Iran on Monday started talks with inspectors from the UN nuclear watchdog as well as Valentin Sobolev, acting secretary of Russia's National Security Council.
A three-man delegation from the International Atomic Energy Agency (IAEA), headed by chief inspector Olli Heinonen, arrived in Tehran Monday morning and was to hold talks with officials from the Iranian Atomic Energy Organization.
Sobolev, who arrived Sunday night, had already started talks with his Iranian counterpart Saeid Jalili, who is also Tehran's chief nuclear negotiator.
Heinonen is reportedly to meet with the deputy of Iran's Atomic Energy Organization, Mohammad Saeidi, and the country's IAEA envoy, Ali-Asqar Soltanieh.
Foreign ministry spokesman Mohammad-Ali Hosseini Sunday rejected press reports that Iran would discuss intelligence alleging Iran pursued nuclear weapons studies with Heinonen, saying that talks would only be within the framework of the IAEA and Nuclear Non- Proliferation Treaty (NPT).
Heinonen was in Tehran last week, but Tehran insisted that the visit was just routine and rejected Western press reports that the talks were solely focused on the new allegations.
The IAEA inspectors reportedly want answers from Tehran regarding intelligence received from Western member states on alleged studies of uranium conversion, high-explosives testing and work on a missile re-entry vehicle, all of which have potential nuclear weapons applications.
Talks with Sobolev are mainly focused on the latest developments concerning the nuclear at Bushehr in southern Iran. Moscow is cooperating with Tehran on building the light-water reactor.
The two sides are also expected to discuss last month's halting of a cargo of Russian heat insulators destined for the Bushehr plant which has not yet been released.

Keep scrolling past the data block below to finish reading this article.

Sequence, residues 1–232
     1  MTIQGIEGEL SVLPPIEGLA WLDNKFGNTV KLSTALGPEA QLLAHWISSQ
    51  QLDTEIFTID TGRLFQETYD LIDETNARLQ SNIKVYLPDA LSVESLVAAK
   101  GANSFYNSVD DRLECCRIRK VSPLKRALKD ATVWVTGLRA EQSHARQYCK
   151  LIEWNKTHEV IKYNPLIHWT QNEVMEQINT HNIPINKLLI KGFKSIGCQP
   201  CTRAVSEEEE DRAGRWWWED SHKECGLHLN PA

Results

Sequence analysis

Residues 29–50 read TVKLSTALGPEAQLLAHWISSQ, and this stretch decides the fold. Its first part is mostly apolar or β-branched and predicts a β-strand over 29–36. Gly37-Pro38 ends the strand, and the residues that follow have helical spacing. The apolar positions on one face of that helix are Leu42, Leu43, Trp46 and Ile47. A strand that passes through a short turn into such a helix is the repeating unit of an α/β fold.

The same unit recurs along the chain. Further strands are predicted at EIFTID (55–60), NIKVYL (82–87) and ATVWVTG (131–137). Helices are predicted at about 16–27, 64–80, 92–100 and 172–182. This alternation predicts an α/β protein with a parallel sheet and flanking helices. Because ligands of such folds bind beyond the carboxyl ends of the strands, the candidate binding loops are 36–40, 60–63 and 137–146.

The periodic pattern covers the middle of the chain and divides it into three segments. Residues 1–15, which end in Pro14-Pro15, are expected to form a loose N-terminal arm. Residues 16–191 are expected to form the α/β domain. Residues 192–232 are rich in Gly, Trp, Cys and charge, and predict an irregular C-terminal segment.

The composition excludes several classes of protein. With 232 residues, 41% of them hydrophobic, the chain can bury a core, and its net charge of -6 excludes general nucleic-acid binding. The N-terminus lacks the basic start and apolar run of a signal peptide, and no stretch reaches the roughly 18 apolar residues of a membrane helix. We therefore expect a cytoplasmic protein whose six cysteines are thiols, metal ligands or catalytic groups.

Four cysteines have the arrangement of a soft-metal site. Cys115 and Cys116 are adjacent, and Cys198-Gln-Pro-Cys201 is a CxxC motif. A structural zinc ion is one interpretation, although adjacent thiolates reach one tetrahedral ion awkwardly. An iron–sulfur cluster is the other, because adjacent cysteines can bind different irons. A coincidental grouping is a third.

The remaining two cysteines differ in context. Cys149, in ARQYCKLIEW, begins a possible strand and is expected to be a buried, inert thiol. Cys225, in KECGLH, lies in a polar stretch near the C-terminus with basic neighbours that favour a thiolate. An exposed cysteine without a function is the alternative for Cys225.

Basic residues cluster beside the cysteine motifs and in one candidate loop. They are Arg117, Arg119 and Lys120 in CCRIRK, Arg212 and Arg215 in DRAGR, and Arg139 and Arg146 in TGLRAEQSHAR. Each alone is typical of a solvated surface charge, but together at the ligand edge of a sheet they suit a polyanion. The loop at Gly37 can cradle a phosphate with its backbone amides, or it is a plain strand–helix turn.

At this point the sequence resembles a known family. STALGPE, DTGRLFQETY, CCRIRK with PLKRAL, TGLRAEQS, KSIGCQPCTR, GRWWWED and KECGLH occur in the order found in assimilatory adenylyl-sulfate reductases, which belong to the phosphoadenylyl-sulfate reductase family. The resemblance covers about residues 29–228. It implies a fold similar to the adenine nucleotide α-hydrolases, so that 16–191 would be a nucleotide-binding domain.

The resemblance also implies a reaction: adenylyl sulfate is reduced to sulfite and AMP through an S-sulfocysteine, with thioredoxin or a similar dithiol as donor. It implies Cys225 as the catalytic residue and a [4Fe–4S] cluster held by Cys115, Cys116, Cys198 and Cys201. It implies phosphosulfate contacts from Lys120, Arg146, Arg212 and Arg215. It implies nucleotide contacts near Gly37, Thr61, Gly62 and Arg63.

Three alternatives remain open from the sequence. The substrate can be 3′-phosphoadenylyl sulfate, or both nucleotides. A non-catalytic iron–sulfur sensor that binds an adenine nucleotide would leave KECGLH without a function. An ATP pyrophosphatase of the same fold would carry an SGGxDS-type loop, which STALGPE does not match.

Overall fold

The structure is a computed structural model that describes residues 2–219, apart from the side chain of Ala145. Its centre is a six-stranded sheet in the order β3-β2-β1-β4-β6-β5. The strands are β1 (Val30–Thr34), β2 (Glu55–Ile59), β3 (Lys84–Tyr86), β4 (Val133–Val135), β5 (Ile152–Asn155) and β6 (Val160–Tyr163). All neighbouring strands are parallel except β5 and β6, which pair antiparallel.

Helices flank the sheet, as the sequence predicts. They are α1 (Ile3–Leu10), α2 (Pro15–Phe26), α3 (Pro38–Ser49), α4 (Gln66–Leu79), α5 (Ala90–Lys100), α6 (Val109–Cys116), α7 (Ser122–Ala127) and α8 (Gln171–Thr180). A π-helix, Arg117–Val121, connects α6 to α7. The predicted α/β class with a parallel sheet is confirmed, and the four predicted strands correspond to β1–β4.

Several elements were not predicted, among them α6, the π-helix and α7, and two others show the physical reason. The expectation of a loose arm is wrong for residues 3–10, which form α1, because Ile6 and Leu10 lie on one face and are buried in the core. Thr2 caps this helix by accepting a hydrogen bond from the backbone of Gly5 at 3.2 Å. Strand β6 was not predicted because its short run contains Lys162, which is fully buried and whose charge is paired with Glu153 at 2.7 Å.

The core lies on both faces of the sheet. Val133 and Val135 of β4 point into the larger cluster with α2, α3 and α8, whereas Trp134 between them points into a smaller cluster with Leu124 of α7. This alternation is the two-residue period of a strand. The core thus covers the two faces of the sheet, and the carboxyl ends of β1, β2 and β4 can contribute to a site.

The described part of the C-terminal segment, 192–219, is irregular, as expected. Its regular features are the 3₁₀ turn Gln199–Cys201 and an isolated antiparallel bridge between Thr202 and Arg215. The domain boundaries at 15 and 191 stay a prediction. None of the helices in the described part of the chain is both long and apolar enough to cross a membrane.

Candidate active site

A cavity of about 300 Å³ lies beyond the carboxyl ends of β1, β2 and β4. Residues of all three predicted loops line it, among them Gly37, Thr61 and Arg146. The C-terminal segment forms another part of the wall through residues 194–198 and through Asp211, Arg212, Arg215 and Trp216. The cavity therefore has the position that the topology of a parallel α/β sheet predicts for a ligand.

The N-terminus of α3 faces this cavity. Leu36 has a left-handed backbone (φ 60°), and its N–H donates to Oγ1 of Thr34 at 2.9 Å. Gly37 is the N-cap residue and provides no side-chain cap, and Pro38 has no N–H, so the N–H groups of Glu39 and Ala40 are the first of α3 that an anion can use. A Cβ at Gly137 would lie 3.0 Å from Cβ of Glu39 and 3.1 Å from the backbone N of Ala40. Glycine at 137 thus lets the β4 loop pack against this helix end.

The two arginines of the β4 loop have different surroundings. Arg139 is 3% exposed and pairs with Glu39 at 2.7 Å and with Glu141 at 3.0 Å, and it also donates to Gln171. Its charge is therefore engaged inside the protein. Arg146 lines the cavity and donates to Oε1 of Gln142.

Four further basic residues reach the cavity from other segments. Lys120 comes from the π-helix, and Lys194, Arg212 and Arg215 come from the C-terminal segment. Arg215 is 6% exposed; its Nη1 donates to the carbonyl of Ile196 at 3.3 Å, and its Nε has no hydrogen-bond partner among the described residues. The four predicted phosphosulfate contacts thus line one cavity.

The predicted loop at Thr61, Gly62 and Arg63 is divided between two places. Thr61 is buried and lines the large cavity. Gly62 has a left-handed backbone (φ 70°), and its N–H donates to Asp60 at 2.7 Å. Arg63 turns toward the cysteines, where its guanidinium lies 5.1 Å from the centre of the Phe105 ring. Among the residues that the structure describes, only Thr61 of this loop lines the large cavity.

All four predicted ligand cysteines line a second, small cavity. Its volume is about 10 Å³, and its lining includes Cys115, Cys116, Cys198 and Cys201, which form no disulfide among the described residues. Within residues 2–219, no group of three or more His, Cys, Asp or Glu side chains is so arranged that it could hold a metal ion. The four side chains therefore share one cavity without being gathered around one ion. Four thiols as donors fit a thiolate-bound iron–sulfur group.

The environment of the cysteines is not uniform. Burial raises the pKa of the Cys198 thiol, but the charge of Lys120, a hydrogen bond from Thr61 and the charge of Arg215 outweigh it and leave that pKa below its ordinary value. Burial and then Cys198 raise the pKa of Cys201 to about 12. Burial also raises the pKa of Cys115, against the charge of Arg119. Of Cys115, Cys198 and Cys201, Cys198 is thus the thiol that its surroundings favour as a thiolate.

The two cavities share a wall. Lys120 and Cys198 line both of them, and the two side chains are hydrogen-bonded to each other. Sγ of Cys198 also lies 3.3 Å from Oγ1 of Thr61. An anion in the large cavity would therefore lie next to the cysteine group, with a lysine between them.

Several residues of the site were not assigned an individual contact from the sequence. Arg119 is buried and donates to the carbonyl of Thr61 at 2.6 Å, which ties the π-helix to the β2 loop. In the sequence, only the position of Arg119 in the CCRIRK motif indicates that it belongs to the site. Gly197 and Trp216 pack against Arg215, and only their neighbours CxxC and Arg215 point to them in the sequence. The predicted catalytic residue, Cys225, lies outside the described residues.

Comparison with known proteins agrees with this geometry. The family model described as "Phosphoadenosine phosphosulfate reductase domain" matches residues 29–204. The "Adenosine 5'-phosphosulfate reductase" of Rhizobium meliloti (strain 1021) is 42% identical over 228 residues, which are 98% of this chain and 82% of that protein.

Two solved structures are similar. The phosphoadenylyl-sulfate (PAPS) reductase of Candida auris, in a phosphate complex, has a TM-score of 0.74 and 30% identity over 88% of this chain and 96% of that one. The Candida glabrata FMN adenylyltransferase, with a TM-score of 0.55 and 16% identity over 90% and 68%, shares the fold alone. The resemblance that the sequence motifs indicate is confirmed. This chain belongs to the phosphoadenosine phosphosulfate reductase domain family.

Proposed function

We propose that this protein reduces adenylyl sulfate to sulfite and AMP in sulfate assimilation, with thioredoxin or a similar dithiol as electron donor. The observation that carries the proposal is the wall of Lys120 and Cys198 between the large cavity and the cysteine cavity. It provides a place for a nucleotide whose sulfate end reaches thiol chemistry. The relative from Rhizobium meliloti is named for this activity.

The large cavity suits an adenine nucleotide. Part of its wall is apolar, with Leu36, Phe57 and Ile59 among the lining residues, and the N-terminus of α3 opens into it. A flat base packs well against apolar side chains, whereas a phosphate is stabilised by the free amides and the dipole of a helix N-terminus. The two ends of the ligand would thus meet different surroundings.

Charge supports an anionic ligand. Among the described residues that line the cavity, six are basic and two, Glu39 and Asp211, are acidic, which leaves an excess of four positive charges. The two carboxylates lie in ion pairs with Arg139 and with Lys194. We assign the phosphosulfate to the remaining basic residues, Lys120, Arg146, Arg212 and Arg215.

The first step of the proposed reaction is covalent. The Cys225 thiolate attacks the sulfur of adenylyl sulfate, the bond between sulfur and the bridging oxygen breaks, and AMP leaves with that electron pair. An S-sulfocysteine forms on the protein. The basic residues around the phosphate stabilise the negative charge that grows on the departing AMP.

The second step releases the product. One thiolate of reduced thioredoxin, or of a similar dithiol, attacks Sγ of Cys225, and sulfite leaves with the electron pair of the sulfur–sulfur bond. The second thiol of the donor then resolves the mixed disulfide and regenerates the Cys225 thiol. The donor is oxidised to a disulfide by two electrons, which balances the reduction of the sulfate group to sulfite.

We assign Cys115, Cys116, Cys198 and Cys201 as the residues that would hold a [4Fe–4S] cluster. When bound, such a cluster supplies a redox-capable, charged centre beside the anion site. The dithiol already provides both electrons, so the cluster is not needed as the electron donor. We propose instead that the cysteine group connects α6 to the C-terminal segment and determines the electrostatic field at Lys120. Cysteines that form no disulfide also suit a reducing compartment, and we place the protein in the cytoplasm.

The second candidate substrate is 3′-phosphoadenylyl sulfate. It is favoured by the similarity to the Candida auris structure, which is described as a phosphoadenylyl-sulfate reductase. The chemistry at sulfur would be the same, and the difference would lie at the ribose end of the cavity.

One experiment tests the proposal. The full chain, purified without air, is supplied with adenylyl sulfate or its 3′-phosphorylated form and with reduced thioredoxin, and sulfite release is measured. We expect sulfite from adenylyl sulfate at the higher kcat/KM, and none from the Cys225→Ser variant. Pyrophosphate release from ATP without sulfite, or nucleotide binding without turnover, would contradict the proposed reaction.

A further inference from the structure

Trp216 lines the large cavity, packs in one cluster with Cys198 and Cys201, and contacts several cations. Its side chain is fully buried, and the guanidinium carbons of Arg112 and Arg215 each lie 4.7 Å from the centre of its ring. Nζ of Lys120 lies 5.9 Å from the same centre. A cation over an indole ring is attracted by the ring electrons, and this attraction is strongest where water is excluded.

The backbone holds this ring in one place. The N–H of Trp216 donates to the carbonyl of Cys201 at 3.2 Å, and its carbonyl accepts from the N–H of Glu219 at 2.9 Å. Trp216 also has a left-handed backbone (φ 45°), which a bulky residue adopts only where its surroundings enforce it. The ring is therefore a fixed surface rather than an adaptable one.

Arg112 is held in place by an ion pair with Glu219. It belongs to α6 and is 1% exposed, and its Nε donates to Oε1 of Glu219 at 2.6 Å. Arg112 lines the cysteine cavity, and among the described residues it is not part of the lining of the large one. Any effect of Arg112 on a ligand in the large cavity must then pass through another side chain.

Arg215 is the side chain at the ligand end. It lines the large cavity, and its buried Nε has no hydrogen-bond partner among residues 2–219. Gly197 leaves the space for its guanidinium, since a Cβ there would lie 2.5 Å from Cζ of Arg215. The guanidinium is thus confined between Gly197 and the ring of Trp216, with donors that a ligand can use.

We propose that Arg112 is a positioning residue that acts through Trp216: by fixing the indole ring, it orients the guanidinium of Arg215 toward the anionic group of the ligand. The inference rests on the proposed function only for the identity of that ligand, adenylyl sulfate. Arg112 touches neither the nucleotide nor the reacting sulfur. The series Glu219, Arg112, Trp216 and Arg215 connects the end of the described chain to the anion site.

Hosseini said Sunday that Iran was in constant contact with Azeri officials and the Iranian embassy in Baku to enable the urgent release of the cargo.
Sobolev told reporters after his meeting with Jalili that Moscow had already started diplomatic efforts to settle the cargo dispute with Azerbaijan at the earliest term.
Jalili said that he consulted with Sobolev over an Iranian package containing Tehran's proposals for settling international disputes and would soon be forwarded to United Nations Security Britain, China, France, Russia and the United States as well as Germany.
"We have proposals on important global political, security and economic issues," Jalili said, without giving further details.
He confirmed that the package also contains the dispute over Iran's controversial nuclear programmes.
The Fars news agency termed the package "Iran's peace package" and said the contents would soon be disclosed.
Observers doubt that the ambiguous package would meet the main demand by the from Iran which is suspending the uranium enrichment process.
(Source: The Economic Times)